The second ground upon which the jury could have found for Roberts was that Morton made an enforceable promise to Roberts at the hospital that Morton would transfer her rights under any insurance policies to Charles Morton's family. Although Morton testified that she did not make such a promise, the jury was entitled to believe Roberts's testimony that the promises were in fact made and that Roberts relied on them. Our inquiry is therefore limited to determining if the promises were binding.

Roberts argues that she relied on Morton's promises to correct the beneficiary on the life insurance policy and therefore did not retain a lawyer, attempt to be appointed guardian, or attempt to change the beneficiary. Georgia law has codified the theory of obligation generally known as promissory estoppel:

A promise which the promisor should reasonably expect to induce action or forbearance on the part of the promisee or a third person and which does induce such action or forbearance is binding if injustice can be avoided only by enforcement of the promise....

Ga.Code Ann. § 13-3-44(a). Morton argues that even if the promises were made, Morton could not have reasonably expected the promises to induce Roberts not to pursue her legal rights. Moreover, Morton contends that even if she reasonably could have expected such forbearance, no injustice occurred. According to Morton, the short time that Charles Morton was hospitalized before he died was insufficient for Roberts to attain a permanent guardianship, and Roberts made no showing that she could have attained an emergency guardianship had she sought one. Morton also states that even if Roberts had been appointed guardian, Roberts made no showing that she could have had the beneficiary changed on the policy. In support of this contention, Morton notes that the insurance policy expressly stated that " [t]he Owner may change any beneficiary...." (emphasis added).

Georgia law allows the appointment of an emergency guardian upon a showing of:

(1) Such facts as establish an immediate, clear, and substantial risk of death or serious physical injury, illness, or disease unless an emergency guardian is appointed; or

(2) Such facts as establish an immediate, substantial risk of irreparable waste or dissipation of the estate of the proposed ward unless an emergency guardian is appointed.

Ga.Code Ann. § 29-5-8(b). A Georgia probate judge correctly testified as to this issue of Georgia law. R4-63 ("One of two things has to occur. Either it's preservation of life or preservation of an estate."). The probate judge also testified that an emergency guardian can be appointed within five days under Georgia law. R4-72; see also Ga.Code Ann. § 29-5-8(d) (2). Roberts testified that if she had not relied on Morton's promise, she "would have certainly gotten the lawyer to see if there was a way that we could get the beneficiaries changed over to Charlie's estate or his family." R3-95 (emphasis added). Based on this testimony, a reasonable jury could have concluded that but for Roberts's reliance on Morton's promise, Roberts would have been able to convince a probate judge that immediate, substantial dissipation of Charles Morton's estate would occur if an emergency guardian was not appointed.1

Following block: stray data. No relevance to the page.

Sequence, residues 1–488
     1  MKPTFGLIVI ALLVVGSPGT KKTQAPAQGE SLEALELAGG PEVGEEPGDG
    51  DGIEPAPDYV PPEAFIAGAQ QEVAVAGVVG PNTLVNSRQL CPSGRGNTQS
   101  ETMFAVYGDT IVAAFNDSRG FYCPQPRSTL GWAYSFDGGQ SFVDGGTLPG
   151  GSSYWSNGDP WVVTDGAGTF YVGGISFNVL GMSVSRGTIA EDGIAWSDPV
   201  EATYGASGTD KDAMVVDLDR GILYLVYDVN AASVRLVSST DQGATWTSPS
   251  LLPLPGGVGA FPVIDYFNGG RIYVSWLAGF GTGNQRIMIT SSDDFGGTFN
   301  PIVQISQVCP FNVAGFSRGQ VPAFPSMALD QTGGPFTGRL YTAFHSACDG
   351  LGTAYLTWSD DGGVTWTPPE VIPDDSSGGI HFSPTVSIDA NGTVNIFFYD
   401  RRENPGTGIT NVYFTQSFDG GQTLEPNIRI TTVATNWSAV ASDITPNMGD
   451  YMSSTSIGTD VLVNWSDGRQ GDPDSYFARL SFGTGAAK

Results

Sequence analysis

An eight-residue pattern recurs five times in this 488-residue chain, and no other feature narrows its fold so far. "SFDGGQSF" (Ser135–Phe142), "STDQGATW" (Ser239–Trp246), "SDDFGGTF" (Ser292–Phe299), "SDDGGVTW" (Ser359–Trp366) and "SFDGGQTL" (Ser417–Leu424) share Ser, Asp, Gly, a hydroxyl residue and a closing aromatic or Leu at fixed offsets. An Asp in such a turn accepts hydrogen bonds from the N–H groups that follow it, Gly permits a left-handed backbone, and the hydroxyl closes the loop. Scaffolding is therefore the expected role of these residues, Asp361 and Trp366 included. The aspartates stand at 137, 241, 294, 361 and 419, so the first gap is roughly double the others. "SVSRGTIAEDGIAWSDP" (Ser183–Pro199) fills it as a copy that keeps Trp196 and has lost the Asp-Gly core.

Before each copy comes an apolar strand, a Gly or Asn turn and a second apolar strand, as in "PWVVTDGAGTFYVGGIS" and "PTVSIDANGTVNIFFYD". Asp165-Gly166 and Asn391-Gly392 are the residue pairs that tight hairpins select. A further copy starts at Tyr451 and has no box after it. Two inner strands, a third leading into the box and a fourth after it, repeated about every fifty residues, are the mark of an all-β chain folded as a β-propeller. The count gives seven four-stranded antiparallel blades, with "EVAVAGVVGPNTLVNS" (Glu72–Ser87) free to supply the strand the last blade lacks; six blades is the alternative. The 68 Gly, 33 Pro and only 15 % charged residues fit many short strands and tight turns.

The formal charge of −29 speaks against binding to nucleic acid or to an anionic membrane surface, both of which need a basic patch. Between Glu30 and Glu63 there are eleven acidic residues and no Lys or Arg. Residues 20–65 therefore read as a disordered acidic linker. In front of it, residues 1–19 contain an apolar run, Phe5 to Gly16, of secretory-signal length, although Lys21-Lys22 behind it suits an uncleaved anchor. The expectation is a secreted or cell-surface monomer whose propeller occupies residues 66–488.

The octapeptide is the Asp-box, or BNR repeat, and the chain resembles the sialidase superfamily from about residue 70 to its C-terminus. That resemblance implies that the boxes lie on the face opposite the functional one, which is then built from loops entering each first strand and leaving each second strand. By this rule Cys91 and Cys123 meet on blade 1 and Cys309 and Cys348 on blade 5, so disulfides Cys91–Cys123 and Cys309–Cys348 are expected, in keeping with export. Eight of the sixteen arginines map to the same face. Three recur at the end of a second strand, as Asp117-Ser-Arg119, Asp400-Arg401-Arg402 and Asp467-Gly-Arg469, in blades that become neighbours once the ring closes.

Morton also contends that even if an emergency guardian had been appointed, an emergency guardian cannot change the beneficiary of a life insurance policy. The probate judge did not express an opinion on this issue. Although Georgia has no precedent on this issue, Roberts cites several cases from other jurisdictions that have held that a guardian, with court approval, may change the beneficiary of a life insurance policy. See, e.g., United States v. Tighe, 229 F. Supp. 680, 686 (S.D. Miss. 1964); Murray v. United States, 107 F. Supp. 290, 294 (E.D. Mich. 1950), aff'd, 188 F.2d 362 (6th Cir.) (per curiam), cert. denied, Y342 U.S. 816, 72 S. Ct. 30, 96 L. Ed. 617 (1951). We are satisfied that Roberts met her burden of showing that it was possible that she could have had the beneficiary changed had she not relied on Morton's promise. JNOV or a new trial was therefore not appropriate for the promissory estoppel claim.